I think the take away point here, though, is that is someone like Prof. Kemp isn't immediately persuaded that the bronzes are by Michelangelo, along with the limited documentary evidence in favour of the bronzes, should the Fitzwilliam not have played it safe (at least at this stage) and described the pieces as 'Attributed to Michelangelo'?
Update - a reader writes:
Having read about the two bronzes being attributed to Michelangelo in Cambridge, I thought I’d share my two cents. Leaving aside the funny looking cats for the moment, it seems to me the strength of the attribution to Michelangelo really depends on the dating. It’s claimed neutron scan puts them in the first decade of the sixteenth century, which is remarkably precise for what is really just a powerful x-ray showing how thick the casting is (a case of “the computer says so” connoisseurship). I’m not convinced there’s good data to suggest all bronze sculpture of that thickness are from 1500-1510, and anything else was from before or after. Certainly if it was done then, there really aren’t too many candidates besides Michelangelo, but if you go just a few decades later the number of mannerist sculptors who could fit the bill goes way up. I haven’t seen them at the Fitzwilliam, so I’m still happy to be persuaded, but I’m not yet.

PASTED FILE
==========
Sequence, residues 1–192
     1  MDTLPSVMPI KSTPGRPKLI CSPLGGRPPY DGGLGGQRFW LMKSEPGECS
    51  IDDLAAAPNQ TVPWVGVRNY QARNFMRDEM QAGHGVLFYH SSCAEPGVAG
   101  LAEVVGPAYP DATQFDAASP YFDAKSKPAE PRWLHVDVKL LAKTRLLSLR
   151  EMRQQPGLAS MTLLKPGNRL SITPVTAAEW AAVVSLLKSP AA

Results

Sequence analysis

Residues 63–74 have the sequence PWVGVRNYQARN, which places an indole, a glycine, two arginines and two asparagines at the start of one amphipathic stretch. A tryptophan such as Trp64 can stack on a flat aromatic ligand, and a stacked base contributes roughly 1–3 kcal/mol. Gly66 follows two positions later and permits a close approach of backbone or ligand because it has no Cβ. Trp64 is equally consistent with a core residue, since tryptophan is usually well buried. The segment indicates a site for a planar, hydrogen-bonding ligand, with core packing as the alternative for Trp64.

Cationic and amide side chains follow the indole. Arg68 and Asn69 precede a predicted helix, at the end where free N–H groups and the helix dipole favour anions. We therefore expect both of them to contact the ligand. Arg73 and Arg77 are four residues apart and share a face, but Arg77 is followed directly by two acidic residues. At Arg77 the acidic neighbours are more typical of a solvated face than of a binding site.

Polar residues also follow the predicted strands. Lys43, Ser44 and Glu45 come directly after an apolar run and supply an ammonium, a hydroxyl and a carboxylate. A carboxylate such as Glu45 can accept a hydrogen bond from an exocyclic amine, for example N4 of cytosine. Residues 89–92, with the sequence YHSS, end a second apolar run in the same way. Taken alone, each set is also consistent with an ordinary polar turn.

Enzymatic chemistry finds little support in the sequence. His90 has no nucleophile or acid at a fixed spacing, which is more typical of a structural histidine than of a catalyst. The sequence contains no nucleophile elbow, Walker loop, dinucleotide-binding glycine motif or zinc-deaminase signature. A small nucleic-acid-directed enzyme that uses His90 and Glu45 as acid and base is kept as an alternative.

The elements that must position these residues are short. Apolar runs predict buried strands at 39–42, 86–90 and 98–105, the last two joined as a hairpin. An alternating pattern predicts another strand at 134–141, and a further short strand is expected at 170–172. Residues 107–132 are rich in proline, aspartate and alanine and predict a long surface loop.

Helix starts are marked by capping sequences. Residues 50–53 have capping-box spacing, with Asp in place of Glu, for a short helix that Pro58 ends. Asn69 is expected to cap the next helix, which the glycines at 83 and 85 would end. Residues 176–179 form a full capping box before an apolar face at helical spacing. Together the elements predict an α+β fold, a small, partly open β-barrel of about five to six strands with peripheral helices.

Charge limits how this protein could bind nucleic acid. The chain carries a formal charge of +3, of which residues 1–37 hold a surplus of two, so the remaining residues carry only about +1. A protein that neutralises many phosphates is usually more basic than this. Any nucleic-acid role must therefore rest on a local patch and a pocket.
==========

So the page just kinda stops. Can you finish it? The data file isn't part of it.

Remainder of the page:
Another reader writes:
Whilst the press have been having a lot of fun and Facebook and other blogs have had lots of comments from naysayers, the catalogue clearly indicates on the title page the uncertainty of the attribution to the great M:
A Michelangelo Discovery: The Rothschild bronzes and the case for their proposed attribution.
The Barber buys a Bellows
February 11 2015
The Barber Institute in Birmingham has bought a nude by George Bellows. This is now the second Bellows in a UK public collection. More here.
Move along folks, nothing to see here... (ctd.)
February 11 2015
Picture: Die Welt
Great excitement in the press today about a '£90m lost Leonardo seized by Italian police in a Swiss bank vault'. Art history headlines rarely get much better than that. Here is Reuter's report: